Abortion pills take the spotlight as states impose abortion bans

Many patients choose medication abortion because it is less expensive, less invasive and affords more privacy than surgical abortions — the pills can be received by mail and taken at home, or anywhere, after an initial consultation with a doctor by video, phone, in person or even just by filling out an online form.

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The patient must participate in the consultation from a state that allows abortion, even if it simply involves being on the phone in a car just over the border. The IP address of the computer or phone they use allows the clinic to identify where they are.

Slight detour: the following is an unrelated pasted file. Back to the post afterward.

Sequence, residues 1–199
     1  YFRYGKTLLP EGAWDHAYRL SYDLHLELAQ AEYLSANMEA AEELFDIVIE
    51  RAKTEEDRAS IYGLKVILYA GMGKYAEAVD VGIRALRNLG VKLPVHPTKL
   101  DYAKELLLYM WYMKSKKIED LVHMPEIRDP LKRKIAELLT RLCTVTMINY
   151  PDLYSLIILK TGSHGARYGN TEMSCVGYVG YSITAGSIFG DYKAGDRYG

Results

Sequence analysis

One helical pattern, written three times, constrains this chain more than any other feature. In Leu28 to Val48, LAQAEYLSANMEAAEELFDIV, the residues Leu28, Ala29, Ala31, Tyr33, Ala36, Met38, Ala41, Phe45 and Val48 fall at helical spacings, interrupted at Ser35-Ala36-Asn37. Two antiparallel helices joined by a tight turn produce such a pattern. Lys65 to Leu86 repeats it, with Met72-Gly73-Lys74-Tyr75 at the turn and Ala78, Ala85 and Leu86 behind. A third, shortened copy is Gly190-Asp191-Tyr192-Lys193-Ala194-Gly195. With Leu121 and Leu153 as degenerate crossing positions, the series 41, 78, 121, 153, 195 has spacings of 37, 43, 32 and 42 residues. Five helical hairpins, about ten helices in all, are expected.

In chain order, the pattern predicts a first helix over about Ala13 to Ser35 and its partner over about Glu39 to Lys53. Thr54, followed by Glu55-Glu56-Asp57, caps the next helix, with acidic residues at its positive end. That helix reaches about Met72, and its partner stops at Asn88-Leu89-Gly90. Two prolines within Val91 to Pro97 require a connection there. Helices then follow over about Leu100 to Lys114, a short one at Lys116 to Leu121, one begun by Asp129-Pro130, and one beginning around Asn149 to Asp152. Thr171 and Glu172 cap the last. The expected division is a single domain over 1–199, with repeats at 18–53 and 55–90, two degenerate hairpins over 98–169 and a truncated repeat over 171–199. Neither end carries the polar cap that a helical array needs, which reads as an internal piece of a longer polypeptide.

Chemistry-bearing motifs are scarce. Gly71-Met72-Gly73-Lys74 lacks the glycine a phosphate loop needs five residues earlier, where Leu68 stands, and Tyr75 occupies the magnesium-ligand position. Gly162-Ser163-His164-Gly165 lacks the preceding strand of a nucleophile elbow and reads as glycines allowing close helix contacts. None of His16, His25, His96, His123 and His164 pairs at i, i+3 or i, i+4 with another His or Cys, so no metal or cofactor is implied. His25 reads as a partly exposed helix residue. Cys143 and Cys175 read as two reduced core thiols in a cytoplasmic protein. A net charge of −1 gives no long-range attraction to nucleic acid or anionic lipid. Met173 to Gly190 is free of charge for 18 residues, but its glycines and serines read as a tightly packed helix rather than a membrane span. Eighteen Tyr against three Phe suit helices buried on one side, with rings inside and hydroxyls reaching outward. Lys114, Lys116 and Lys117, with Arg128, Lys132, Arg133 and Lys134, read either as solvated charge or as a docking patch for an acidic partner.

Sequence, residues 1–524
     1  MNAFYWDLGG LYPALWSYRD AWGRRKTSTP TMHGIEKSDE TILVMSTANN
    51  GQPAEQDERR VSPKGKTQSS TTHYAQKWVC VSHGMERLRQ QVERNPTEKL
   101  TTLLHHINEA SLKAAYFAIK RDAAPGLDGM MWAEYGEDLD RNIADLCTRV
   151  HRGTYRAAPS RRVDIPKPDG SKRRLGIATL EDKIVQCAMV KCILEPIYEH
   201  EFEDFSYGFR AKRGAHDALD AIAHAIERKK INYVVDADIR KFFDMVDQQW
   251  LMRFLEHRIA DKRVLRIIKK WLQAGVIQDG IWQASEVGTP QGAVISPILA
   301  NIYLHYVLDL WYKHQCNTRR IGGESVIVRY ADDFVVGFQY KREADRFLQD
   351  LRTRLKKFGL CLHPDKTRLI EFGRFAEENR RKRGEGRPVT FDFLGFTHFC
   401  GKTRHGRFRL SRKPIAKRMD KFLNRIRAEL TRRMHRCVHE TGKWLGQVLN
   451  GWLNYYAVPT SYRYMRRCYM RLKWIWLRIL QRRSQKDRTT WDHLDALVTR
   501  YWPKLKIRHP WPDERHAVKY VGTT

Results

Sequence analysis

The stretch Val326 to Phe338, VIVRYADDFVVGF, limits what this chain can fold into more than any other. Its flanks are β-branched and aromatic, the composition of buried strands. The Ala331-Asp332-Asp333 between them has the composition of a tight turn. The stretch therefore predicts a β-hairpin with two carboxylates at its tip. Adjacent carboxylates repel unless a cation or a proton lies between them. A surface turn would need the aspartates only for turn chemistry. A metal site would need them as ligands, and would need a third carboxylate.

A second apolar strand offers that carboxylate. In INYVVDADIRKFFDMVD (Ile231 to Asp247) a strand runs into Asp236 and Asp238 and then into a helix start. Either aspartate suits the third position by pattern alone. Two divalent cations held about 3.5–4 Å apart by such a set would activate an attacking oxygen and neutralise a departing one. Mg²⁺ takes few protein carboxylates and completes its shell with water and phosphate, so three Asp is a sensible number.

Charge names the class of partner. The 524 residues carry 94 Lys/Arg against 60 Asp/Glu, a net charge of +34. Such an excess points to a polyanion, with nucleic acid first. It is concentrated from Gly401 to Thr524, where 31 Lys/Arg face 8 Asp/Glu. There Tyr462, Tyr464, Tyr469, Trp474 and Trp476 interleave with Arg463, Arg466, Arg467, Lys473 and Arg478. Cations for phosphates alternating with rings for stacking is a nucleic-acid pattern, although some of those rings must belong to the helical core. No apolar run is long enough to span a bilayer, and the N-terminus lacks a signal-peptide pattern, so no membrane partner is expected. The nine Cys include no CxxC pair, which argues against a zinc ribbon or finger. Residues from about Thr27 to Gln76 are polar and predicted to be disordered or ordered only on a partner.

For states that ban all forms of abortion, medication abortion is likely to provide significant enforcement challenges. It is one thing to shut down a clinic; it is much harder to police activities like sending or receiving pills through the mail or traveling to a state where pills are legal to have a consultation and pick them up, legal experts say.

“When people say we’re going back to the days before Roe, there’s no such thing as a time machine — we have a very different pharmaceutical landscape,” said Katie Watson, a constitutional scholar and medical ethicist at the Feinberg School of Medicine at Northwestern University.

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